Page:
HEARING TIPS

Woman with long dark hair relaxing in a chair in the park listening to headphones

Aiden enjoys music. He listens to Spotify while at work, switches to Pandora while jogging, and he has a playlist for everything: gaming, gym time, cooking, and everything else. His entire life has a soundtrack and it’s playing on his headphones. But the very thing that Aiden enjoys, the loud, immersive music, might be causing permanent damage to his hearing.

There are ways to enjoy music that are safe for your ears and ways that are not so safe. But the more hazardous listening option is often the one most of us choose.

How can hearing loss be the result of listening to music?

Your ability to hear can be damaged over time by exposure to loud noise. Typically, we think of aging as the principal cause of hearing loss, but more and more research suggests that it’s really the accumulation of noise-induced damage that is the problem here and not anything intrinsic to the aging process.

It also turns out that younger ears are especially vulnerable to noise-induced damage (they’re still developing, after all). And yet, younger adults are more likely to be dismissive of the long-term risks of high volume. So there’s an epidemic of younger people with hearing loss thanks, in part, to loud headphone use.

Can you enjoy music safely?

It’s obviously hazardous to enjoy music on max volume. But there is a safer way to enjoy your tunes, and it normally involves turning down the volume. The general recommendations for safe volumes are:

  • For adults: Keep the volume at no more than 80dB and for no more than 40 hours a week..
  • For teens and young children: 40 hours is still fine but lower the volume to 75dB.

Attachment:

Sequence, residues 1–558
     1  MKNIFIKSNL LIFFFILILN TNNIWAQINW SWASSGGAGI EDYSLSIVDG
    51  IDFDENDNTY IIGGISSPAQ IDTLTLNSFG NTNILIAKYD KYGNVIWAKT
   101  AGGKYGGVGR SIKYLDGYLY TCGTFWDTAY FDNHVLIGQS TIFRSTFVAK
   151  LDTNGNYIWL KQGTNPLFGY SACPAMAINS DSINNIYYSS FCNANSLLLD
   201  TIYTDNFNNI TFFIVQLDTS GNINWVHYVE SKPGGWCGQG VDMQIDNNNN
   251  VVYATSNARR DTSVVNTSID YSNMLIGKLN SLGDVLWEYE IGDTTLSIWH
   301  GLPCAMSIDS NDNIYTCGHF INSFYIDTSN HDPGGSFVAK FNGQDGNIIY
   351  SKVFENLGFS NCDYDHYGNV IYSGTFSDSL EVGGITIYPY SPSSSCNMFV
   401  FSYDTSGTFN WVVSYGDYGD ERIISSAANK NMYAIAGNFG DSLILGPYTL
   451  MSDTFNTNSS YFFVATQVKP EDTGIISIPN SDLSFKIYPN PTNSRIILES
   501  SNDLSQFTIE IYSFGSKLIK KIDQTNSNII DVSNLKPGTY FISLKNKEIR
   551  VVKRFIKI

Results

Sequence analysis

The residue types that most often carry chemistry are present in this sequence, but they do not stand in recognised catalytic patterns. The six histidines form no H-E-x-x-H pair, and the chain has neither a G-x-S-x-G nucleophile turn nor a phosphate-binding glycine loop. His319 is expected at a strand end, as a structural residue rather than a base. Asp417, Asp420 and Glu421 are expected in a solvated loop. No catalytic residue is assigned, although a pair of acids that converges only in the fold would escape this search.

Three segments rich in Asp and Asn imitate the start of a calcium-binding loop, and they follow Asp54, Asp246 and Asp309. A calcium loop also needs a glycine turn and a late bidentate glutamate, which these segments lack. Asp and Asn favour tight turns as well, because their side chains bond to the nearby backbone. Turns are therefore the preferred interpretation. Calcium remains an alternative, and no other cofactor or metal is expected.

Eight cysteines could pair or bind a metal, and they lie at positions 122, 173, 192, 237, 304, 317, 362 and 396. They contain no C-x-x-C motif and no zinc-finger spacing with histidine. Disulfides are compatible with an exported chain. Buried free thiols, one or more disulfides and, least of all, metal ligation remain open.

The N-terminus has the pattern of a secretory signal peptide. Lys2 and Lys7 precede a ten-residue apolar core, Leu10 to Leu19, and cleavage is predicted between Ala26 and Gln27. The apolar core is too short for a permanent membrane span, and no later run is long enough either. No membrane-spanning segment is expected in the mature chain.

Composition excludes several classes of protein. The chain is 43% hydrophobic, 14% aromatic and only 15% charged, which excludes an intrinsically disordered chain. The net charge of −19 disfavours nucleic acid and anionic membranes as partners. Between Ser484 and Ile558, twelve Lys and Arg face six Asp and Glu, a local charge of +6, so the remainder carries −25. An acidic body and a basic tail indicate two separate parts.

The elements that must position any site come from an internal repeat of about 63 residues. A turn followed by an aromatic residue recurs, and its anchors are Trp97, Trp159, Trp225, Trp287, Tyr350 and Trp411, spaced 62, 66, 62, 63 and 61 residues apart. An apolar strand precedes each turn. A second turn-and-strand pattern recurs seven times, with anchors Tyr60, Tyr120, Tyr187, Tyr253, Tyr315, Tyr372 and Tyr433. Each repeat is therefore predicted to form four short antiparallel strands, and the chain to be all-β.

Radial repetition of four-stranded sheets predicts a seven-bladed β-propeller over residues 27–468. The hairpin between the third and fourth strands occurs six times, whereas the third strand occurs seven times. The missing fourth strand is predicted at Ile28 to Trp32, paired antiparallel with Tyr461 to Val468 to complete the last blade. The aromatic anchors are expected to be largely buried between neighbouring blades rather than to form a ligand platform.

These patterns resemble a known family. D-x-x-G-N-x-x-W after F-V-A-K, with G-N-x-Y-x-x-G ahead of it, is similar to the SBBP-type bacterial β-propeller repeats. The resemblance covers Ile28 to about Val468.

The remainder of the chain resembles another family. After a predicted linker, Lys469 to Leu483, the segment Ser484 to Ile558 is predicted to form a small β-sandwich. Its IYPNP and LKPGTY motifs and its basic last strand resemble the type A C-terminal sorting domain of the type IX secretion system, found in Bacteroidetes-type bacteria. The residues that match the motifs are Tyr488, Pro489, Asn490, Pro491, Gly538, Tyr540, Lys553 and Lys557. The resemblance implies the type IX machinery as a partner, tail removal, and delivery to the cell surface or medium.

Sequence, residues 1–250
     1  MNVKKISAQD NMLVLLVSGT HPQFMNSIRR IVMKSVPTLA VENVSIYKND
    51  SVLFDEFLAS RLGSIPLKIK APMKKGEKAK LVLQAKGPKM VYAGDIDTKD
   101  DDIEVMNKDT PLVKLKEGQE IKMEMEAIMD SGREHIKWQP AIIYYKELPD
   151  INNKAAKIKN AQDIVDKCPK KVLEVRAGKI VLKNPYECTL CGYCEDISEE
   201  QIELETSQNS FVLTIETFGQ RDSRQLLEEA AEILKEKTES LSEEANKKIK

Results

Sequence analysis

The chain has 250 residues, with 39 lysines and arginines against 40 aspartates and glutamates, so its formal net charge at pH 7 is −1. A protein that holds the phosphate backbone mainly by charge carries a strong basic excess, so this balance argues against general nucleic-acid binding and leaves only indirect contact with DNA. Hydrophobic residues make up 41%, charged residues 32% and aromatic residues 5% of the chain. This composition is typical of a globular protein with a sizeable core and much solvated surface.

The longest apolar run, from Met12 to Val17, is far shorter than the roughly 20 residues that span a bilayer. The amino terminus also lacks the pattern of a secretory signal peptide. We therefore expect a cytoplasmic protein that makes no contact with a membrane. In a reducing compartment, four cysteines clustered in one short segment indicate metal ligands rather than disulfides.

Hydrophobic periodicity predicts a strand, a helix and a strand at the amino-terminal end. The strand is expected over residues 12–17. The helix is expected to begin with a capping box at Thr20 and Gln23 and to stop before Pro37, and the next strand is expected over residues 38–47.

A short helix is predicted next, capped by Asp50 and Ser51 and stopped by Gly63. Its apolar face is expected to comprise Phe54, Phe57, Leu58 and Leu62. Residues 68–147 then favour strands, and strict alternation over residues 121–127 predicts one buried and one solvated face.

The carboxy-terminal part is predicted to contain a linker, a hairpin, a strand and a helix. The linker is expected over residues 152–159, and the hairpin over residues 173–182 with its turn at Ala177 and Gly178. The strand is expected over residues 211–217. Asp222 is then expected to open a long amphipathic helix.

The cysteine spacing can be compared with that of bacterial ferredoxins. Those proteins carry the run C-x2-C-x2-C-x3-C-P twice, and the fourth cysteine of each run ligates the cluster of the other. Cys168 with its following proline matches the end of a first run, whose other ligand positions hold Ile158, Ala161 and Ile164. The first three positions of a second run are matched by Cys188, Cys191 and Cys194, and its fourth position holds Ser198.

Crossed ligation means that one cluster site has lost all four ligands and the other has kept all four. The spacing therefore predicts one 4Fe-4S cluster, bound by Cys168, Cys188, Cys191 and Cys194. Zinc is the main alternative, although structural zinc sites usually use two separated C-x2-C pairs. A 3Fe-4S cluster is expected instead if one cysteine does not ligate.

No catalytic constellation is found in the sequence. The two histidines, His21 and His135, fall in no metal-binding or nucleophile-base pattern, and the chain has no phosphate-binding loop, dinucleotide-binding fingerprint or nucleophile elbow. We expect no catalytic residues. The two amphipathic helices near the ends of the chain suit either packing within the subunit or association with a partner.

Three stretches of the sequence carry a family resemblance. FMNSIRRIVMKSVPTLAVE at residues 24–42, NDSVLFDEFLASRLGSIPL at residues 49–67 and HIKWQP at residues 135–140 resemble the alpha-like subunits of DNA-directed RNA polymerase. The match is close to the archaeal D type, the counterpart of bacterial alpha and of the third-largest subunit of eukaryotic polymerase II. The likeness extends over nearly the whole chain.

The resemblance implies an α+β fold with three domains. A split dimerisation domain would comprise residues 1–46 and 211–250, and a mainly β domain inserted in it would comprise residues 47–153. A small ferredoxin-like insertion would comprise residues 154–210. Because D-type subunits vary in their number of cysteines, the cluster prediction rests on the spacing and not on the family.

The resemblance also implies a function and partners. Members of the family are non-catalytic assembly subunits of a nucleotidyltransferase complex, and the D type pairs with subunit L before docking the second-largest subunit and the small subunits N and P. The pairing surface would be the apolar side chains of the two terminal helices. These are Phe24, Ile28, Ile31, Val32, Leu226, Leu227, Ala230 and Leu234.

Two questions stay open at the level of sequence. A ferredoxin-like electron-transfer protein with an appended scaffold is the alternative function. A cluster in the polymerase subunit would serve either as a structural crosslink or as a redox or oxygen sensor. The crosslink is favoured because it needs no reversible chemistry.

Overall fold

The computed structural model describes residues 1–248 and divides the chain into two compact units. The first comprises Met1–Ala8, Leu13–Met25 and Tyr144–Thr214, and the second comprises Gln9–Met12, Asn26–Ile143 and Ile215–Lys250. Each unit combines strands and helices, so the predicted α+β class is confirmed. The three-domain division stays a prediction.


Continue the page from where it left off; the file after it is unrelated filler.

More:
Forty hours every week is about five hours and forty minutes a day. That seems like a lot, but it can go by fairly rapidly. But we’re conditioned to monitor time our whole lives so most of us are rather good at it.

Keeping track of volume is a little less intuitive. On most smart devices, computers, and televisions, volume is not measured in decibels. It’s calculated on some arbitrary scale. Perhaps it’s 1-100. Or it may be 1-10. You might have no clue what the max volume on your device is, or how close to the max you are.

How can you monitor the volume of your music?

It’s not really easy to know how loud 80 decibels is, but thankfully there are a few non-intrusive ways to know how loud the volume is. It’s even harder to determine the difference between 80 and 75dB.

So using one of the numerous noise free monitoring apps is highly suggested. Real-time volumes of the noise around you will be obtainable from both iPhone and Android apps. That way you can keep track of the dB level of your music in real-time and make adjustments. Or, when listening to music, you can also adjust your configurations in your smartphone which will efficiently tell you that your volume is too loud.

As loud as a garbage disposal

Typically, 80 dB is about as loud as your garbage disposal or your dishwasher. That’s not too loud. Your ears will begin to take damage at volumes above this threshold so it’s a significant observation.

So you’ll want to be extra aware of those times at which you’re moving beyond that volume threshold. And minimize your exposure if you do listen to music above 80dB. Maybe minimize loud listening to a song rather than an album.

Over time, loud listening will cause hearing problems. Hearing loss and tinnitus can be the result. The more you can be conscious of when your ears are going into the danger zone, the more informed your decision-making will be. And safer listening will ideally be part of those decisions.

Contact us if you still have questions about the safety of your ears.

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The site information is for educational and informational purposes only and does not constitute medical advice. To receive personalized advice or treatment, schedule an appointment.
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